And you'll know what they thought of what they learned over the weekend by whether the gap between our forecast and actual stock prices widens or narrows.

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July 18, 2014
Cultural Landscape

If you are a leader, the example you set means everything.

Because it is the people in charge who have the responsibility for setting the priorities for those who work for them and also for shaping the environment in which they will do so. It is the people in positions of leadership who, by their policies and example, provide both the official and unspoken guidance that the people who work for them will follow in determining how they will act. Even when the boss is away - the cultural landscape they establish remains in effect.

In business, it's called "corporate culture". And it plays a massive role in how successful an organization can be. Especially during times of adversity, when challenges can become overwhelming in the absence of a solid organizational culture that can deal with them in a coherent, competent fashion.

As a case study of how important that aspect of leadership is and how much it is missed when it is lacking, let's consider a day in 2014 when the news of the death of 295 people aboard a Malaysian Airlines 777 commercial airliner became known around 11:30 AM EDT and how U.S. President Barack Obama handled it.

Here, we observe a large degree of disengagement on the part of President Obama that day, particularly after the news of the tragedy had become widespread. The White House press pool traveling with President Obama on that fateful day offered the following tidbit nearly an hour and a half after the news first broke:

At approximately 12:50 pm, the motorcade stopped at the Charcoal Pit, a popular, established restaurant just north of Wilmington, Del. Known for its burgers and sundaes. Obama shook hands and mingled with many of the diners, stopping at one point to pick up seven-month old Jaidyn Oates, and pose for a photo.

He invoked Vice Presiident [sic] Biden’s name a few names, noting to some diners, “Me and Joe, we share shakes all the time,” and to others, “Biden told me the burgers are pretty good.”

Just before hugging another young girl, whose mother lifted her across the booth to hug the president, Obama asked, “Do you give good hugs?”

At 1:01 pm Obama declared, “I’m starving!” He sat down to eat with Tanei Benjamin, who wrote the president a year ago. The president ordered a 4-ounce “Pit special,” which is burger with fries. He asked for it to be done medium well, and to have lettuce and tomato. He also asked for a water with lemon.

About an hour after lunch, President Obama finally noted the tragedy, inserting the following comments in a planned speech:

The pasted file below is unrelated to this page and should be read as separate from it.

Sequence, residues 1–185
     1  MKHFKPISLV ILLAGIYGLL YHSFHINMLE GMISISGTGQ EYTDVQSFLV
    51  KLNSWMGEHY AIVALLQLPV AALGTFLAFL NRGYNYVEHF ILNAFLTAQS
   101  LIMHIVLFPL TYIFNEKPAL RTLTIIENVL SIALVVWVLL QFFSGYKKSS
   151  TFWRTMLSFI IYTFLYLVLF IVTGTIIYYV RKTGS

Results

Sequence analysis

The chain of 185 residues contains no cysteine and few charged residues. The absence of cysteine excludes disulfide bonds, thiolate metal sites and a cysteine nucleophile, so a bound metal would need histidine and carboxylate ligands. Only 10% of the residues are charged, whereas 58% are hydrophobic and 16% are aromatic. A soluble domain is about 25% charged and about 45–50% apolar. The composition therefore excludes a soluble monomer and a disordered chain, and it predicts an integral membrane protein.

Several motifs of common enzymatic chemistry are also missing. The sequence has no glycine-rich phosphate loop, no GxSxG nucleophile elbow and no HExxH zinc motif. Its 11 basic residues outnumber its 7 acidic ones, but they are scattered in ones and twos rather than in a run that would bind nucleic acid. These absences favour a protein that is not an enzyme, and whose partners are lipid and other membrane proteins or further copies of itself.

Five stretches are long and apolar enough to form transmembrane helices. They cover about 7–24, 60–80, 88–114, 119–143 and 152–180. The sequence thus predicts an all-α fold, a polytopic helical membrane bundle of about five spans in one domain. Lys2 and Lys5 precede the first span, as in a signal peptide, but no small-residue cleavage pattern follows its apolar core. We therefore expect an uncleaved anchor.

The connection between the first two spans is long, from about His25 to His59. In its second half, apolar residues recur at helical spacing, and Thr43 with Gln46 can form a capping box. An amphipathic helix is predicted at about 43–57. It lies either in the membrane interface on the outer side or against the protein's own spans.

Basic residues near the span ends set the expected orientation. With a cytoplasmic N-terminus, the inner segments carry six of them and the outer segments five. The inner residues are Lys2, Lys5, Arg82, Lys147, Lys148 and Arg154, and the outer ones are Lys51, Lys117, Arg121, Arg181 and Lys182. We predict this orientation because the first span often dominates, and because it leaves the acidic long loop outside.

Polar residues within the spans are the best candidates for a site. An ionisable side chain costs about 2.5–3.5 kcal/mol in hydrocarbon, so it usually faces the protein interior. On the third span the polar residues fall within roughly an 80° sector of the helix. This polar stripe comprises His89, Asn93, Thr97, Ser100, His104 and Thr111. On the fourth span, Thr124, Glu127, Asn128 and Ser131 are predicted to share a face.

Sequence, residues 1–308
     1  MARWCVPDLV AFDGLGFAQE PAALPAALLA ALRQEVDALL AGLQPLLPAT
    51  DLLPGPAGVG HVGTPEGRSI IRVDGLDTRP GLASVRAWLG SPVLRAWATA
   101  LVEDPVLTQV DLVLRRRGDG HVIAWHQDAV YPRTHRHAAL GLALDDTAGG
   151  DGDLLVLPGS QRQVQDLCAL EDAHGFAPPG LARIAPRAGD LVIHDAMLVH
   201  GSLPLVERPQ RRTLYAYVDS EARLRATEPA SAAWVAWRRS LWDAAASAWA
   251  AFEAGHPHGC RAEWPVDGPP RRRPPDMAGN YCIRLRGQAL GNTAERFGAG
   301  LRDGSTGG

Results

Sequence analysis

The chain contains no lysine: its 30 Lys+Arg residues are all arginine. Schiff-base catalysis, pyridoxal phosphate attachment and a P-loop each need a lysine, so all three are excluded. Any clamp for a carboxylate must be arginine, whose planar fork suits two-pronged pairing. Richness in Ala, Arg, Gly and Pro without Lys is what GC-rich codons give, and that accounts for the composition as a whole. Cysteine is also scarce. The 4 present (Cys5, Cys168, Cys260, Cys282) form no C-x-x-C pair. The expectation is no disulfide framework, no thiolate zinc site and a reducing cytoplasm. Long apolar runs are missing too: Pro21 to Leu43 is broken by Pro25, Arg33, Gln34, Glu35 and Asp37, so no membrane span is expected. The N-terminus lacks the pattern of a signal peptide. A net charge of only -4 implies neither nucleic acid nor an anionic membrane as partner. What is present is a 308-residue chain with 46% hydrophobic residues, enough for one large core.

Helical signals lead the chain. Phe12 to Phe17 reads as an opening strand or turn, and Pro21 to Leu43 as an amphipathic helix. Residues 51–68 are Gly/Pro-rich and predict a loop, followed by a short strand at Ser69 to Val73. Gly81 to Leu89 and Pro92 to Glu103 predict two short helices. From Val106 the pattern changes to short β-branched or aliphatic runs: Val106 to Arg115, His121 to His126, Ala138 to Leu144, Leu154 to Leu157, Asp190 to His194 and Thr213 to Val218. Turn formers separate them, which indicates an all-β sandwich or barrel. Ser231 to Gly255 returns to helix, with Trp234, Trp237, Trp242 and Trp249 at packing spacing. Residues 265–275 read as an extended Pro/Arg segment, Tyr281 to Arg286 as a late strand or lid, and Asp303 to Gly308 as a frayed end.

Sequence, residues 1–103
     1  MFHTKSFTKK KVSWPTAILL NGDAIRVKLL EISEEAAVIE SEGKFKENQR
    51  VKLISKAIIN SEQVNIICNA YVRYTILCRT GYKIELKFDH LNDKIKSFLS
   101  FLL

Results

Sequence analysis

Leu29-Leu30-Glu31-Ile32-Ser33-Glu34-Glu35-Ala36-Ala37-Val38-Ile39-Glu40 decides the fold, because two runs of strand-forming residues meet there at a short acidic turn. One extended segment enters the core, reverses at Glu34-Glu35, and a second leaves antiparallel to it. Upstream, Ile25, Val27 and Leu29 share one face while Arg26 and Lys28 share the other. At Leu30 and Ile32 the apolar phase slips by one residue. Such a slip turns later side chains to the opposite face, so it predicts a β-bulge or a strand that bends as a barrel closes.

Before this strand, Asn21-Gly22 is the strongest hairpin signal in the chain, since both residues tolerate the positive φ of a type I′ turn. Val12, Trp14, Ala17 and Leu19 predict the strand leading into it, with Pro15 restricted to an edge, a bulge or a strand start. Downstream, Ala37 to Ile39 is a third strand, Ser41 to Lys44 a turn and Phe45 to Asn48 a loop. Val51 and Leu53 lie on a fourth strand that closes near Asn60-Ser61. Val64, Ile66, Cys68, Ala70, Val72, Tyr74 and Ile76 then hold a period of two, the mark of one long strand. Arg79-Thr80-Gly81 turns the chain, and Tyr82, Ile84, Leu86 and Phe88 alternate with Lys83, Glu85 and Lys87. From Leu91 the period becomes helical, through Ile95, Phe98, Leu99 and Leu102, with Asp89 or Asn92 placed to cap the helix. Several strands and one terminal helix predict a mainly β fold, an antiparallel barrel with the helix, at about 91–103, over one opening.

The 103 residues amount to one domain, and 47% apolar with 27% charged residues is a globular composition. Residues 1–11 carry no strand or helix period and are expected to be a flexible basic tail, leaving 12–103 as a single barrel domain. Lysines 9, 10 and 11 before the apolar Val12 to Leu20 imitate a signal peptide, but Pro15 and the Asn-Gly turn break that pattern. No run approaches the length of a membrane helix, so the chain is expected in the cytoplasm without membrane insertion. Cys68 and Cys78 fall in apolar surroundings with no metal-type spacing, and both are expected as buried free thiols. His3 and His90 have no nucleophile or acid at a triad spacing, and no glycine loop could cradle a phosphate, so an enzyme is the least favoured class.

President Barack Obama offered his first public comments on Thursday about the Malaysia Airlines plane that crashed over Ukraine, saying his first priority is to find out whether there were any Americans on board the flight.

“Obviously, the world is watching reports of a downed passenger jet near the Ukraine border,” Obama said in brief comments before a planned speech in Delaware. “And it looks like it may be a terrible tragedy.”

Right now, we’re working to determine whether there were American citizens on board. That is our first priority. And I directed my national security team to stay in close contact with the Ukrainian government,” Obama said. “The United States will offer any assistance we can to help determine what happened and why. And as a country, our thoughts and prayers are with all the families of the passengers, wherever they call home.”

For the sake of context, here's the video of President Obama's remarks so you can appreciate how disengaged President Obama's first comments on the tragic events of 17 July 2014 really were, as the President gave them before going on to say that "it is great to be in the state that gave us Joe Biden":


Meanwhile, it was confirmed very early after the incident occurred that the lives of Americans had been claimed in the crash. In fact, the first reports of that fact were breaking at the same time President Obama was stopping for lunch, even though it would be some time for the exact number and their names were known.

But wait! Weren't there responsible people back at the White House to whom the President might have delegated the task of keeping up on tragic events as they occur? While President Obama's initial reaction was oddly disconnected, surely there were others that President Obama had placed into positions of authority who were on top of what the the President truly needed them to be doing.

Well, judge for yourself - our site saw the following site traffic at 9:08 AM PDT, or rather, 12:08 PM EDT, shortly after more extended news reports of the downing of the Malaysian 777 were hitting the airwaves:

Political Calculations - Executive Office of the President - Site Traffic on 17 July 2014

Amazing the priorities that some have when commercial jetliners are shot down from the sky.

That odd level of extreme disengagement was also observed at other government agencies, including the State Department:

President Barack Obama is setting a very bad example of leadership. And it's showing all across the executive branch of the U.S. federal government.

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July 17, 2014

Who are the major holders of debt issued by the U.S. federal government going into the summer of 2014?

The answer is presented graphically below: